GB2227718A - Control of content and format in accordance with identity of substrate in selective printing - Google Patents

Control of content and format in accordance with identity of substrate in selective printing Download PDF

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Publication number
GB2227718A
GB2227718A GB8827286A GB8827286A GB2227718A GB 2227718 A GB2227718 A GB 2227718A GB 8827286 A GB8827286 A GB 8827286A GB 8827286 A GB8827286 A GB 8827286A GB 2227718 A GB2227718 A GB 2227718A
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GB
United Kingdom
Prior art keywords
pattern
input material
output device
computer output
form
Prior art date
Legal status (The legal status is an assumption and is not a legal conclusion. Google has not performed a legal analysis and makes no representation as to the accuracy of the status listed.)
Withdrawn
Application number
GB8827286A
Other versions
GB8827286D0 (en
Inventor
R Philip Monro
Current Assignee (The listed assignees may be inaccurate. Google has not performed a legal analysis and makes no representation or warranty as to the accuracy of the list.)
HAMPSHIRE ADVISORY TECH SERV
Hampshire Advisory and Technical Services Ltd
Original Assignee
HAMPSHIRE ADVISORY TECH SERV
Hampshire Advisory and Technical Services Ltd
Priority date (The priority date is an assumption and is not a legal conclusion. Google has not performed a legal analysis and makes no representation as to the accuracy of the date listed.)
Filing date
Publication date
Application filed by HAMPSHIRE ADVISORY TECH SERV, Hampshire Advisory and Technical Services Ltd filed Critical HAMPSHIRE ADVISORY TECH SERV
Priority to GB8827286A priority Critical patent/GB2227718A/en
Publication of GB8827286D0 publication Critical patent/GB8827286D0/en
Publication of GB2227718A publication Critical patent/GB2227718A/en
Application status is Withdrawn legal-status Critical

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Classifications

    • GPHYSICS
    • G06COMPUTING; CALCULATING; COUNTING
    • G06KRECOGNITION OF DATA; PRESENTATION OF DATA; RECORD CARRIERS; HANDLING RECORD CARRIERS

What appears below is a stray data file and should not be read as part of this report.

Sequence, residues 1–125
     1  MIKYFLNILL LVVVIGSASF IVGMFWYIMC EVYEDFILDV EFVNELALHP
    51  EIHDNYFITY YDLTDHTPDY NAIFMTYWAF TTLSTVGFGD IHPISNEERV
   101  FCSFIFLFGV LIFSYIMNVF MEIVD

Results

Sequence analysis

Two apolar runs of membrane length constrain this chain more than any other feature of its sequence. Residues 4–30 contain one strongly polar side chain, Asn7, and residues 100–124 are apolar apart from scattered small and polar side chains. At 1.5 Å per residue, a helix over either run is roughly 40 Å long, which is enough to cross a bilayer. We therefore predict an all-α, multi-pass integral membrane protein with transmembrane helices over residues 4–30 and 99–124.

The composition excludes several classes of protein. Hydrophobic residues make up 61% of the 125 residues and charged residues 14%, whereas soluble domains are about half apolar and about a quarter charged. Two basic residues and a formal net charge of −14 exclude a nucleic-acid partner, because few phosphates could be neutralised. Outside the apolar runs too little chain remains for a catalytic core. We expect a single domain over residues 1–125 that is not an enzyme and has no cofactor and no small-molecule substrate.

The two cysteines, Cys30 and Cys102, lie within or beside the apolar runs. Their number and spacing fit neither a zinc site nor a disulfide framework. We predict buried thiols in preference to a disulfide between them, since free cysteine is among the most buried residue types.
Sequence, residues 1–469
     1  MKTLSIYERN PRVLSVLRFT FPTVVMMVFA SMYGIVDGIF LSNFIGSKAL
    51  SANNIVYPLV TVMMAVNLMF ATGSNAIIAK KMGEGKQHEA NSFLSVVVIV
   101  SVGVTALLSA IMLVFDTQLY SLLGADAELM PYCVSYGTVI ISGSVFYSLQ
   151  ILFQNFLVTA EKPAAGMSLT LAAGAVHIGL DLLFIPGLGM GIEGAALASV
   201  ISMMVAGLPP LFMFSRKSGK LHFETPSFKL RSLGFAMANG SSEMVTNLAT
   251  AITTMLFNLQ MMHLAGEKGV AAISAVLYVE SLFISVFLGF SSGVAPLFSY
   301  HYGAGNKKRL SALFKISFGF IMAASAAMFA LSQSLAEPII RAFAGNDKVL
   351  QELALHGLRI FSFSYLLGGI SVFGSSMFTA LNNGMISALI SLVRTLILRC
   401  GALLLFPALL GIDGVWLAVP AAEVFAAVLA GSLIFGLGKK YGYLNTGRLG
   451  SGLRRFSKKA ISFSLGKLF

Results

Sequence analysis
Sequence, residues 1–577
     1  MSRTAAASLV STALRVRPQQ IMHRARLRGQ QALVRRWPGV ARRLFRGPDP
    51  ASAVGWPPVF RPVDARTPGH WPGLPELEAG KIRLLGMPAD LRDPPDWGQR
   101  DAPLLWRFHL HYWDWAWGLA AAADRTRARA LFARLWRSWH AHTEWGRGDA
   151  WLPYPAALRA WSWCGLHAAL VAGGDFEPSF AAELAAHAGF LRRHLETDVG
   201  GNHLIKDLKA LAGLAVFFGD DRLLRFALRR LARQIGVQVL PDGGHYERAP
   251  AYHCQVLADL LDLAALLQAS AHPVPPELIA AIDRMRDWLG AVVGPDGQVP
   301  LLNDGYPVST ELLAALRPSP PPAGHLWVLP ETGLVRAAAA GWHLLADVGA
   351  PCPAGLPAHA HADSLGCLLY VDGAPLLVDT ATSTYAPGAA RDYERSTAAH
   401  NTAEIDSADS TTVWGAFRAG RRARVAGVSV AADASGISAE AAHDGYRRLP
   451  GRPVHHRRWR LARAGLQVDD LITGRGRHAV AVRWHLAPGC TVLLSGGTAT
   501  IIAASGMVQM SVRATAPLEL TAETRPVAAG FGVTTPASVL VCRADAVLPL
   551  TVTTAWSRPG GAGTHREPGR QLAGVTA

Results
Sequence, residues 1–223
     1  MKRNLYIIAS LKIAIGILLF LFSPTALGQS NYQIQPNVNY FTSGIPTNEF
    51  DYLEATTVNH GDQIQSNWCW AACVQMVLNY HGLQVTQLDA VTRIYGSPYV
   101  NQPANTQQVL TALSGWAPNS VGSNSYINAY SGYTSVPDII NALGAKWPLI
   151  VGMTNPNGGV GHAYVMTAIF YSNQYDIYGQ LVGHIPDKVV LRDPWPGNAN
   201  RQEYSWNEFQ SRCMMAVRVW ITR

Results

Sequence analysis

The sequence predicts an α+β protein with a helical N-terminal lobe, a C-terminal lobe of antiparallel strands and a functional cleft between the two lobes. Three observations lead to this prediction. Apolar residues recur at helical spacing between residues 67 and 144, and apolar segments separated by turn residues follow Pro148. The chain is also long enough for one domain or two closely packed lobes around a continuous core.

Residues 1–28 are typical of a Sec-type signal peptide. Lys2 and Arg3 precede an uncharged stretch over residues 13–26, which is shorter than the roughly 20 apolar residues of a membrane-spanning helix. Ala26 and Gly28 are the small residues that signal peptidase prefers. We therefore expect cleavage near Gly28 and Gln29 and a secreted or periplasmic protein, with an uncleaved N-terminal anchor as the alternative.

• G06K17/00Methods or arrangements for effecting co-operative working between equipments covered by two or more of the preceding main groups, e.g. automatic card files incorporating conveying and reading operations

Abstract

A selective printer for filling in preprinted forms is controlled in association with a sensor which detects coded marks on the form stock, the format and content of the selectively printed matter being adapted to the nature of the selected form. As described (Fig 3) the form stock may include a variety of different successive forms, each identified by a code mark (12). In use, the printer may search for the particular form required for an item; print the item in the format dictated by the form; and then cancel the code mark on the filled form. The invention enables a plurality of different but related documents to be prepared in respect of a transaction without the necessity of either a plurality of machines or a change of form stock. <IMAGE>

Description

Computer Output Device and Paper There for The present invention relates to a computer output device and more particularly to a computer output device including paper detection means.

In our co-pending United Kingdom Patent Applications Nos.

8826860 and 8826884 filed on 17th November 1988 are disclosed methods and apparatus to facilitate entry of text details to word processing apparatus such that on output to a printer the text detail correctly registers with spaces for completion on pre-printed forms. In using the inventions noted above, it is necessary for the operator to ensure consistent alignment of the forms to be printed when inserted in the printer. With certain types of printer1 such alignment may require manual intervention.

Such alignment problems do not necessarily occur when using 2'continuous" stationery of the kind having edges including regularly spaced apertures arranged to co-operate with spigots of a continuous belt drive to feed the paper past a print head of a printer. However, any variation of the paper length set in a data file of the computer apparatus in use and the paper being used may result in incorrect positioning of the printed output with respect to individual sheets of the continuous stationery.